It’s not just kids who are hungry in the summer. The Food Shelf helps seniors struggling to get by on low fixed incomes, disabled adults trying to maintain independence, and working people whose paychecks don’t stretch far enough to make ends meet.
Any donation made in July will help Second Harvest maximize the Open Your Heart July Challenge Grant and provide more food for hungry kids, seniors, and our struggling friends and neighbors.
For more information visit: www.secondharvestncfb.com.
ABOUT SECOND HARVEST NORTH CENTRAL FOOD BANK
Second Harvest North Central Food Bank serves 115 hunger relief agencies in Koochiching, Itasca, Cass, Aitkin, Crow Wing, Mille Lacs and Kanabec counties. Second Harvest distributed 4.8 million pounds of food and grocery products were distributed through our partner agencies in 2014. For more information regarding Second Harvest North Central Food Bank, visit www.secondharvestncfb.com or call 218.326.4420.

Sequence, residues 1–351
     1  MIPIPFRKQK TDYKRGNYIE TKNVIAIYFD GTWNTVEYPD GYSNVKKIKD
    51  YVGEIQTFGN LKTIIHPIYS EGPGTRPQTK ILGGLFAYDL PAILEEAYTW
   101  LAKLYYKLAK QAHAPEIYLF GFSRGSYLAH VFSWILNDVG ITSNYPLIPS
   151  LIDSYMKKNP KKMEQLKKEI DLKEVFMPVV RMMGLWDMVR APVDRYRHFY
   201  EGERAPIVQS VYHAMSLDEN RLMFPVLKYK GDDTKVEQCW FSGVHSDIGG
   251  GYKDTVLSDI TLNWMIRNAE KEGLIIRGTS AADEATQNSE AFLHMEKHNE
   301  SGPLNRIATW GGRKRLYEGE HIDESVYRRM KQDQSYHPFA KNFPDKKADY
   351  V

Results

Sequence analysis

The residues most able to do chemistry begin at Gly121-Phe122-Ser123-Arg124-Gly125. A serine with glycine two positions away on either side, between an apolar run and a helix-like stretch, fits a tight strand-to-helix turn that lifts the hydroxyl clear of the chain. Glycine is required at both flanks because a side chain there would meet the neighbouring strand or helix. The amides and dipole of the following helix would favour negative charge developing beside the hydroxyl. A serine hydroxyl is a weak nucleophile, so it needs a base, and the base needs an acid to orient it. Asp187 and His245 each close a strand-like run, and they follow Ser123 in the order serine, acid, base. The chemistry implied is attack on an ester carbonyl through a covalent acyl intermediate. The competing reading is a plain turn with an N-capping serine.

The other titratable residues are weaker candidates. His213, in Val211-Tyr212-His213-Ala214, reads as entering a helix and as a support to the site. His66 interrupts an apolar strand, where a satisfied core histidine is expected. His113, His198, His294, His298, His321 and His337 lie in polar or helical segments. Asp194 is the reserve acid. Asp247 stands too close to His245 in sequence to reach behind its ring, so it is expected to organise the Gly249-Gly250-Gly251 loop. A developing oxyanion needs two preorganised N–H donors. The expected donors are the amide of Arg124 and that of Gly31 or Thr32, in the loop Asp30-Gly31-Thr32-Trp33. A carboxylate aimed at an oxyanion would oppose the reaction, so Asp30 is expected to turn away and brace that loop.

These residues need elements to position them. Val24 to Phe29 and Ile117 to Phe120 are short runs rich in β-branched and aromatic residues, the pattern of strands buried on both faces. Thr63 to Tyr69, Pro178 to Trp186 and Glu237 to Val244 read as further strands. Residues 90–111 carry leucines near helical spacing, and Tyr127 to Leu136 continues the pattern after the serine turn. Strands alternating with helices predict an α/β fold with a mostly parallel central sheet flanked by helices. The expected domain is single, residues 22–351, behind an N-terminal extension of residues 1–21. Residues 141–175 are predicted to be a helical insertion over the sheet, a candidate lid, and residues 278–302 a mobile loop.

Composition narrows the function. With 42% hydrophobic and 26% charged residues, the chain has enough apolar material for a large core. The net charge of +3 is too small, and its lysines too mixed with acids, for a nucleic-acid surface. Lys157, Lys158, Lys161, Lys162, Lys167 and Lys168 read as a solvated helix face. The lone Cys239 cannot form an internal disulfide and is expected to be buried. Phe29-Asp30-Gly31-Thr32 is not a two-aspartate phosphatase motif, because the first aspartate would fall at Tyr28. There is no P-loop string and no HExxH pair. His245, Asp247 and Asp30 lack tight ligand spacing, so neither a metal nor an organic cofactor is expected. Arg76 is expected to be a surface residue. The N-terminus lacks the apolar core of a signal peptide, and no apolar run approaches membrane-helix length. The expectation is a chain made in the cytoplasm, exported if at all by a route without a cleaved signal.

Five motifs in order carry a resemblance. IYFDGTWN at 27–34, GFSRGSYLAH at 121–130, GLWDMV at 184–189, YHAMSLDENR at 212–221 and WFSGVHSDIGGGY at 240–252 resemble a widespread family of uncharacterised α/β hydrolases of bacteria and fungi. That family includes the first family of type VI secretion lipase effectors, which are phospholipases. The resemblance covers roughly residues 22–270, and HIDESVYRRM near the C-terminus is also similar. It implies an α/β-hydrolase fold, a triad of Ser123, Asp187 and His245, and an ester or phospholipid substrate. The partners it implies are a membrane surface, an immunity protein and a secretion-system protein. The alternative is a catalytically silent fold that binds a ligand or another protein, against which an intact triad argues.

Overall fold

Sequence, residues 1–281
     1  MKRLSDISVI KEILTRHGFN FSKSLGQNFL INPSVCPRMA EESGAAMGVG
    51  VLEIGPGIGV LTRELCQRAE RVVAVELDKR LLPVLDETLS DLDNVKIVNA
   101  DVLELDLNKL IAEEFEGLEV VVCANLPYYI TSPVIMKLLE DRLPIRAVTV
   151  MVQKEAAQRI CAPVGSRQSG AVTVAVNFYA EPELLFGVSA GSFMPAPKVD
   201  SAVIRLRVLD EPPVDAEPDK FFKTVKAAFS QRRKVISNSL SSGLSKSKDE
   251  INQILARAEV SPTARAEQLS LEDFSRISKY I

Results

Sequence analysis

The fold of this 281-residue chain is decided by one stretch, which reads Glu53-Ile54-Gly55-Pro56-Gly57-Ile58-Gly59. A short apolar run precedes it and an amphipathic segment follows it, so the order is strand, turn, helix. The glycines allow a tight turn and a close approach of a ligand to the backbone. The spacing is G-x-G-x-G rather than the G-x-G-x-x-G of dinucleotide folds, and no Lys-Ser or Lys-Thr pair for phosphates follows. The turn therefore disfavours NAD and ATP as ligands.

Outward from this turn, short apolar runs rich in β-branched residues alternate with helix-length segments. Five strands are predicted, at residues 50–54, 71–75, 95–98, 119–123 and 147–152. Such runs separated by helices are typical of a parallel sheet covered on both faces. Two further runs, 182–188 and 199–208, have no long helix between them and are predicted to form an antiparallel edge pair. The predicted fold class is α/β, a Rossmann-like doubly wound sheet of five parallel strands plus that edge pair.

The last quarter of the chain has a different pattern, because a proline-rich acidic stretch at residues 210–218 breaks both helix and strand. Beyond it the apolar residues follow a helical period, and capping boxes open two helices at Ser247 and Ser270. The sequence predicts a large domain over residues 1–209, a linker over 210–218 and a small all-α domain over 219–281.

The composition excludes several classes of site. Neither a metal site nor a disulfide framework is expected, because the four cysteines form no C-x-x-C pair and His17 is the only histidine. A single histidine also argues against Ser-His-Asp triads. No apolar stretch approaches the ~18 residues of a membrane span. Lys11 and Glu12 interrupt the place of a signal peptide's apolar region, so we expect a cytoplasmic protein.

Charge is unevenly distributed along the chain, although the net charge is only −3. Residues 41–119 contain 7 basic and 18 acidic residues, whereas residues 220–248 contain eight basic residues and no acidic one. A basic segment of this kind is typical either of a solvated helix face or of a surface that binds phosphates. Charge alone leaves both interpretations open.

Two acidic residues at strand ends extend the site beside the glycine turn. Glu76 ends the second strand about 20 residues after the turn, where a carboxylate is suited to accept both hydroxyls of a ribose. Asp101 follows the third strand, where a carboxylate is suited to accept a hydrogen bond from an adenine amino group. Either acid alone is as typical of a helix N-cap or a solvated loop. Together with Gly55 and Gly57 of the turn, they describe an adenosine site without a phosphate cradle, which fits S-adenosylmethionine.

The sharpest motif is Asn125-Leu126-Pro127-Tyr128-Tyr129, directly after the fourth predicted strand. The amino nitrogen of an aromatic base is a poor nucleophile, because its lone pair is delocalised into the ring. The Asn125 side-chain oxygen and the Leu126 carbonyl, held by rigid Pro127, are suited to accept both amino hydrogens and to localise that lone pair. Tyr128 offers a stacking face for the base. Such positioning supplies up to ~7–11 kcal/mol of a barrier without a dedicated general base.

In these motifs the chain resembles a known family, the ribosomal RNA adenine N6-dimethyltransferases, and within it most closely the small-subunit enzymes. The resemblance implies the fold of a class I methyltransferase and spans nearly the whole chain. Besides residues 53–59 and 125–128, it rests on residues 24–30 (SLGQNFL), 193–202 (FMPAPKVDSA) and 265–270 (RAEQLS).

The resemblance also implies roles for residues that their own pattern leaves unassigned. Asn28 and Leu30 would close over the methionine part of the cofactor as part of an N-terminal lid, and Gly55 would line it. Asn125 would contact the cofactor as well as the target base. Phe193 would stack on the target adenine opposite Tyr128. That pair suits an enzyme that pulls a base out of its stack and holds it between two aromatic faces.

ABOUT OPEN YOUR HEART TO THE HUNGRY AND HOMELESS
Open Your Heart to the Hungry and Homeless has 29 years of experience as the only grant provider in Minnesota focused solely on alleviating hunger and homelessness. Open Your Heart helps food and shelter providers of all sizes get the resources they need to serve more people, including mattresses, freezers, fresh produce and roof repairs. They also support homeless students by providing school supplies, activity fees, gym shoes, tutoring materials and other essentials that help them engage fully in school. For more information: http://www.oyh.org/
Wednesday, July 15, 2015